Ramirez ready for consistent 2006 season

Horacio Ramirez was inconsistent in 2005, but he's working hard this spring to improve that for this season. BravesCenter's Bill Shanks talks with the young lefty about his goal of becoming a more consistent starter for the Atlanta Braves.

Lake Buena Vista, Florida

Horacio Ramirez had his third appearance against live batting practice Thursday, and there were a lot of positives. It's easy to say the pitchers are ahead of the hitters at this early point in the spring, but for a pitcher looking for good signs, watching some of the Braves' best hitters foul off balls in the cage was encouraging.

"It felt great," Ramirez said afterward. "I felt great out there. It was my third time to live BP and every time I've done better."

No one more than Ramirez knows he needs to be more consistent in 2006, and the focus on that goal is his priority this spring. He's not doing anything drastically different mechanically, but instead simply trying to become a more consistent starting pitcher, one the Braves can count on in the middle of their rotation.

"I think my whole life I've been consistent," Ramirez explained. "That's been a strong point for me. Even if I don't have my greatest stuff, I'll find a way to get guys out and keep the team in the game. "

However last year was a different story, and the proof is in the numbers. Ramirez was better at home (8-1, 3.59 ERA, .253 batting average against) than on the road (3-8, 5.69 ERA, .310 BAA). The lefty also struggled early and late in the season, while doing well in the two middle months. Ramirez was 3-4 in April and May with a 5.65 ERA, then 6-2 in June and July with a 3.56 ERA, followed by a 2-3 record in August and September with a 5.38 ERA.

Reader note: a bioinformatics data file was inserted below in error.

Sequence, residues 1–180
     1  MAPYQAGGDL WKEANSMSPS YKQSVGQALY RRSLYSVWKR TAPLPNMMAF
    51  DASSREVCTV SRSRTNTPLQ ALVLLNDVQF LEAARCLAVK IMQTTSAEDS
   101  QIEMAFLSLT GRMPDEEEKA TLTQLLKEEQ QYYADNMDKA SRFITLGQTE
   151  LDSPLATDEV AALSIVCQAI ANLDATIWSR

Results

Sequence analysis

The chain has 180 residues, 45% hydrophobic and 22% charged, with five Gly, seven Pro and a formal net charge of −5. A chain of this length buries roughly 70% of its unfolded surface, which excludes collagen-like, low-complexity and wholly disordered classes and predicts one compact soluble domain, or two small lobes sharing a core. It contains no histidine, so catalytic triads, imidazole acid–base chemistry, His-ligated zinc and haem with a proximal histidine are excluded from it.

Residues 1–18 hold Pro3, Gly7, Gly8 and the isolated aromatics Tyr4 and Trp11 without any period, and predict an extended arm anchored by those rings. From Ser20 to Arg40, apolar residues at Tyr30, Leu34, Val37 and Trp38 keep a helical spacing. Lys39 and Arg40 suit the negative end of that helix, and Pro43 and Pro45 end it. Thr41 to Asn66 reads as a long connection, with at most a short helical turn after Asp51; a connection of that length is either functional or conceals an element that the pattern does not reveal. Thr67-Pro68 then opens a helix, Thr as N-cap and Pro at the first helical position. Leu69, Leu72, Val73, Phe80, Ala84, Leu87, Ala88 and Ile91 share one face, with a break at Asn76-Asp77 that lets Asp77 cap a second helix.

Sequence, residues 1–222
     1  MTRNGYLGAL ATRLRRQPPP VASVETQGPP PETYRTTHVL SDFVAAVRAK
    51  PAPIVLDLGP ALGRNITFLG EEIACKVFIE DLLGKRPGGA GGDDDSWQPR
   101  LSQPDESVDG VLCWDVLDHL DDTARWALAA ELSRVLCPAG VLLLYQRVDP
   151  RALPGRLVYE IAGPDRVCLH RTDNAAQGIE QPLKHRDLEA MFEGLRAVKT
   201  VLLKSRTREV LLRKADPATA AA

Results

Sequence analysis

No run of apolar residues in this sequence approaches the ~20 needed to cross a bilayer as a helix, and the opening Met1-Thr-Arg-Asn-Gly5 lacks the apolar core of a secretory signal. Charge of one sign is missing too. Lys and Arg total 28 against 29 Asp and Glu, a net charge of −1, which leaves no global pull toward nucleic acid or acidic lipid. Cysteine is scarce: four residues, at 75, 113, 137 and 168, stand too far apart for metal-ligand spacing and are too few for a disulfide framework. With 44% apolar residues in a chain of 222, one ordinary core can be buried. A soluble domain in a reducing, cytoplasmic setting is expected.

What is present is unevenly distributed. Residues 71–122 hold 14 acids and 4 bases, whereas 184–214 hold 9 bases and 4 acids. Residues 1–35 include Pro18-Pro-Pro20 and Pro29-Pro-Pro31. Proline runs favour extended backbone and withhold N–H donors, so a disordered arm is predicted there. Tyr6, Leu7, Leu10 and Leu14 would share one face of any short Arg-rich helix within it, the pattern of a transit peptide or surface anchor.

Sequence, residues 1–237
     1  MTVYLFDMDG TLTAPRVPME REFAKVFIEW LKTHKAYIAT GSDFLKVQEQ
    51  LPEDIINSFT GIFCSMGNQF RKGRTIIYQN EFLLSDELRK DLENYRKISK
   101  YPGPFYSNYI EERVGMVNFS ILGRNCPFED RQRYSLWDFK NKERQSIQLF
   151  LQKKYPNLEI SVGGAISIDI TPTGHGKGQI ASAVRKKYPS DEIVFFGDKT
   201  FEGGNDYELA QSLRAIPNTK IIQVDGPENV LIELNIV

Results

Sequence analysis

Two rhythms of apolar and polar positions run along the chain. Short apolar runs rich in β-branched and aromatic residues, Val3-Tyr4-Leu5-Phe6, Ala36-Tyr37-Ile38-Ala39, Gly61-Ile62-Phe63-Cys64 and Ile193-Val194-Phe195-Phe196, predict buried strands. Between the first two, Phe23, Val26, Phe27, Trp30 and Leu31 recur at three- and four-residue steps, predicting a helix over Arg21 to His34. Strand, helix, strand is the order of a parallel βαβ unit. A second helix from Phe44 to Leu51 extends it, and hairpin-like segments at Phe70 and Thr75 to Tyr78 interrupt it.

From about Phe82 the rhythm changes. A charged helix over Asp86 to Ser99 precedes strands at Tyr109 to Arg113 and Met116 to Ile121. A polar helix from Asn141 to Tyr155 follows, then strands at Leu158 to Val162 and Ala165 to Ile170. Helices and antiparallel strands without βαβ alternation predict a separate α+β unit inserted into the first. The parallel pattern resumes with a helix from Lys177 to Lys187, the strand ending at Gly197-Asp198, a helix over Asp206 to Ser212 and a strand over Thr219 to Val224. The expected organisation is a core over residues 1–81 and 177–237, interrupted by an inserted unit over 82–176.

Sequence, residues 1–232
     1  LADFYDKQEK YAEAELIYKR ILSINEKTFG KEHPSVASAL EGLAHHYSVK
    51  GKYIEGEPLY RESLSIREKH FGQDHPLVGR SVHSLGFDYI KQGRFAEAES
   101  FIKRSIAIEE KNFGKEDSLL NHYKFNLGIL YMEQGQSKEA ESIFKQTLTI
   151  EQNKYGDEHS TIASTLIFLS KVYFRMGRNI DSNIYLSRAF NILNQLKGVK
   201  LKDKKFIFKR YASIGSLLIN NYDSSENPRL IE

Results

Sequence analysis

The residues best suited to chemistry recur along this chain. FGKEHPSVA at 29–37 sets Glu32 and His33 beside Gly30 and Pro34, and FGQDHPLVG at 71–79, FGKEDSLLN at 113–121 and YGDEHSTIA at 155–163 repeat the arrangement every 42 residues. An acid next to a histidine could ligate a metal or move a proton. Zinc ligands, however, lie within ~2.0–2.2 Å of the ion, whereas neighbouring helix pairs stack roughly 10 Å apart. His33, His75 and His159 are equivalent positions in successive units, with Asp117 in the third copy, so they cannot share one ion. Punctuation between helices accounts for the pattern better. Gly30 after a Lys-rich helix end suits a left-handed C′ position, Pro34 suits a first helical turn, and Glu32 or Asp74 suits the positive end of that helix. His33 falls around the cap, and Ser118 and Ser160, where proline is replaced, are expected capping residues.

"Last year that was the most frustrating part for me was going out there and throwing four innings and giving up eight runs," Ramirez said. "The team has no shot at coming back and winning late in the game. So to me, that was the most disappointing part about last year."

But this is a new year, and Ramirez is primed to take that next step. He feels he must get back to the level he showed early in 2004, when he had an ERA of 2.39 in nine starts before being injured in May, which forced him to miss most of the rest of that season.

Count staff ace John Smoltz as one person in Ramirez's corner. Ramirez worked out with Smoltz in Atlanta for part of the winter, and the Braves' veteran starter believes the 26-year-old is primed to bust out.

"He's going to be fine," Smoltz said. "He's going to have a fresh start. I think he was a little bit confused of what to do and how to do it. Now that he assessed his season and survived a role that didn't pitch every five days…he had some lapses where he didn't pitch a while without pitching…those are different changes that people have to deal with. I think it's behind him now, and I think he realizes he's a mainstay in the rotation."

"I'm happy he's got that kind of confidence in me," Ramirez said. "I feel like I can do it. I feel I'm ready to go to the next level. I think I was close in that 2004 year and ended up getting hurt. Last year I wasn't say it was a step back because it's a step back because it was a learning process. And I did learn from it. I know last year won't happen again."

The Braves need him to be right.

Bill Shanks is the author of Scout's Honor: The Bravest Way To Build A Winning Team, a look inside the Braves‘ traditional scouting and player development philosophies. You can email Bill at thebravesshow@email.com.

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